Sept. 11 — The names of hundreds of victims of the Sept. 11, 2001, attacks were read aloud Friday at the 9/11 Memorial in New York City to observe the 19th anniversary, which saw similar events in Washington, D.C., and western Pennsylvania.
The observances this year were a little different, due to COVID-19.
President Donald Trump, Democratic presidential nominee Joe Biden and Vice President Mike Pence attended some of the events.
In a departure from previous anniversaries at the 9/11 Memorial and Museum, there were pre-recorded audio clips of relatives reading out victims’ names. The traditional ceremony began just after 8:40 a.m. — around the time American Airlines Flight 11 crashed into the North Tower of the World Trade Center.
Biden, Pence, his wife Karen Pence, New York Gov. Andrew Cuomo and New York City Mayor Bill de Blasio attended the ceremony in Lower Manhattan.
Biden and Pence — who are on opposite sides of the 2020 presidential election — cordially exchanged greetings upon their arrival.
The unprecedented attacks 19 years ago killed nearly 3,000 people, mostly in New York City, and remain the deadliest terrorist strikes ever to reach U.S. soil.
During the ceremony, bells rang out to mark the times of each attack — 8:46 a.m. for Flight 11 hitting the North Tower, and 9:03 a.m. when United Airlines Flight 175 impacted the South Tower before a stunned national television audience.
At dusk, the city will switch on the Tribute in Light ceremony, which shines blue lights into the sky to recreate the two columns of the Twin Towers. The lights were also turned on Thursday night.
At the Pentagon in Arlington, Va., which was struck by American Airlines Flight 77 19 years ago, Defense Secretary Mark Esper and Joint Chiefs of Staff Chairman Gen. Mark Milley each spoke Friday at the National 9/11 Pentagon Memorial.
The military complex was hit by the airliner at 9:37 a.m. on Sept. 11. On the ground, 125 people were killed and 59 passengers and crew died on the flight.
“The horrific acts of terrorism on that day were meant to disrupt our way of life and the destroy the idea that is America,” Milley said. “The idea is simple, yet very powerful, the idea that terrorists fear … the idea that each and every one of us is created free and equal.”
Esper said that day brought “a vicious assault, directed not just at our people are our institutions but also at our most sacred ideals — freedom, liberty and the pursuit of happiness.”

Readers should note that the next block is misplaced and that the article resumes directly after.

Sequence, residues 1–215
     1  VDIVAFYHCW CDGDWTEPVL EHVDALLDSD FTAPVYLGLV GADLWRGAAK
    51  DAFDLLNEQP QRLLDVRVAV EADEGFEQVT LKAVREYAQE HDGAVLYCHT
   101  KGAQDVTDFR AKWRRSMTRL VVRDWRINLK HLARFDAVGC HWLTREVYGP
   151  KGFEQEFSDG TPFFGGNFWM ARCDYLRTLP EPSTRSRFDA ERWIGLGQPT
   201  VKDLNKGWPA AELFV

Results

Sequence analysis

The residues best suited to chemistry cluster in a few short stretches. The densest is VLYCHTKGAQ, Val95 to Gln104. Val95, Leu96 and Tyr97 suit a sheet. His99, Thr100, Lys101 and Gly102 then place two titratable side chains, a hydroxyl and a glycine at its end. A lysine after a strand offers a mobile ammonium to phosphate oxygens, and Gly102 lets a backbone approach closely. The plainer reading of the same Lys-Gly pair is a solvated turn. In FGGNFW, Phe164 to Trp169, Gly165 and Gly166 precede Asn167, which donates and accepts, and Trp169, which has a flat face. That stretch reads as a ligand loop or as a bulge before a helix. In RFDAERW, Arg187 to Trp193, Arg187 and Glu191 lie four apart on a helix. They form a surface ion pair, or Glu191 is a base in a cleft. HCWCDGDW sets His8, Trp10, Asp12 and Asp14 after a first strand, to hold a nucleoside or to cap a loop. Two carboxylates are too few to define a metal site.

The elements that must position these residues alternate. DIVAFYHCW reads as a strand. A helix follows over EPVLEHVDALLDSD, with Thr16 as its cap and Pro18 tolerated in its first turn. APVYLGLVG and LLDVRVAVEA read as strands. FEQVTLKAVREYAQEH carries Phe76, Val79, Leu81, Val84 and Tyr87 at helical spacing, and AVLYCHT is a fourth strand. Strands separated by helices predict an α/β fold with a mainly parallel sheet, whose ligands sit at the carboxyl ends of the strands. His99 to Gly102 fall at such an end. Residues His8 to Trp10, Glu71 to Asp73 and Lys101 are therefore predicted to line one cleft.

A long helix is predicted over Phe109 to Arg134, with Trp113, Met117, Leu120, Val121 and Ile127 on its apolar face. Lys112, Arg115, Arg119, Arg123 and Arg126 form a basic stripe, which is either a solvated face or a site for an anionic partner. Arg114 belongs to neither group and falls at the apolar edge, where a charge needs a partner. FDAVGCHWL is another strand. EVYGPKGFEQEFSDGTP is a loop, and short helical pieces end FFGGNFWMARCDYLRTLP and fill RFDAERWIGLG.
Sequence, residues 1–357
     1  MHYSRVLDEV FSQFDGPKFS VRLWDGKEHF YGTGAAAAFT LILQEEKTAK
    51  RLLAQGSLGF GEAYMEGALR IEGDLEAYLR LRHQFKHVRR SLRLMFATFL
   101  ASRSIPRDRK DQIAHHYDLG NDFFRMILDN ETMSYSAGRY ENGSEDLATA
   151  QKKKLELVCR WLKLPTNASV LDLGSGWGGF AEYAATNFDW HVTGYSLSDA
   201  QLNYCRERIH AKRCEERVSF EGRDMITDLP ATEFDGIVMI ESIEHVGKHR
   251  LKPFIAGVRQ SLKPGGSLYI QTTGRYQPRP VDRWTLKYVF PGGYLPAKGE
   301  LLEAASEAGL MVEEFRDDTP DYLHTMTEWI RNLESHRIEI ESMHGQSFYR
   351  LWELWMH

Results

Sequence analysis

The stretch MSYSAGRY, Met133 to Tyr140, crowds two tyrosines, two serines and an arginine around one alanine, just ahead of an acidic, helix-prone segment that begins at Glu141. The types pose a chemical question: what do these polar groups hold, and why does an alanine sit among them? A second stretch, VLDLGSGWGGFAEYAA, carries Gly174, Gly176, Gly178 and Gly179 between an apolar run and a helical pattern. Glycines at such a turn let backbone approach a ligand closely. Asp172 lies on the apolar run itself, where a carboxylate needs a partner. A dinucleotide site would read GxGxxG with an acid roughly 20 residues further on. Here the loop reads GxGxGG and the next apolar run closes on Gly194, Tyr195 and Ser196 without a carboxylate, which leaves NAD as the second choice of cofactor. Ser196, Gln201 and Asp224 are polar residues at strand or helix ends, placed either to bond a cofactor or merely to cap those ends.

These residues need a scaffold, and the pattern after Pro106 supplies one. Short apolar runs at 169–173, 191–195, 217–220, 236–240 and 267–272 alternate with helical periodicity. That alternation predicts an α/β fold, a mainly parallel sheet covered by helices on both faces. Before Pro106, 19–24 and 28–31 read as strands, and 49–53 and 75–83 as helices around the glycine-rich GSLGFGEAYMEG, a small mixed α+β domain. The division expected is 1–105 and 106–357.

Earlier at the White House, Trump and several administration officials and staffers observed a moment of silence for the victims.
At the the Flight 93 National Memorial in Shanksville, Pa., President Donald Trump had a message for the victims’ families.
“While we cannot erase your pain, we can help to shoulder your burden,” he said, accompanied by first lady Melania Trump.
“The first lady and I come to this hallowed ground deeply aware that we cannot fill the void in your heart or erase the terrible sorrow of this day.”
United Airlines Flight 93, the only airliner hijacked that day that did not reach its intended target, crashed at 10:03 a.m. It was headed toward Washington, D.C., when it went down in a field in Shanksville, about 60 miles southeast of Pittsburgh. Most evidence indicates the hijackers were headed for the U.S. Capitol building.
Forty passengers and crew, who mounted a desperate and collective effort to overpower the hijackers on board, died in the crash.
“We promise that unwavering love that you so want and need, support, devotion and the very special devotion of all Americans,” Trump added.
Biden was scheduled to visit the Flight 93 memorial later Friday. Earlier, his campaign suspended all political advertising Friday out of respect for the victims of the historic attacks.
“I’m not going to be making any news today,” he told reporters. “I’m not going to talk about anything other than 9/11.
“It’s a solemn day and that’s how we’re going to keep it.”
Biden is scheduled to speak at the memorial at 2 p.m. EDT.
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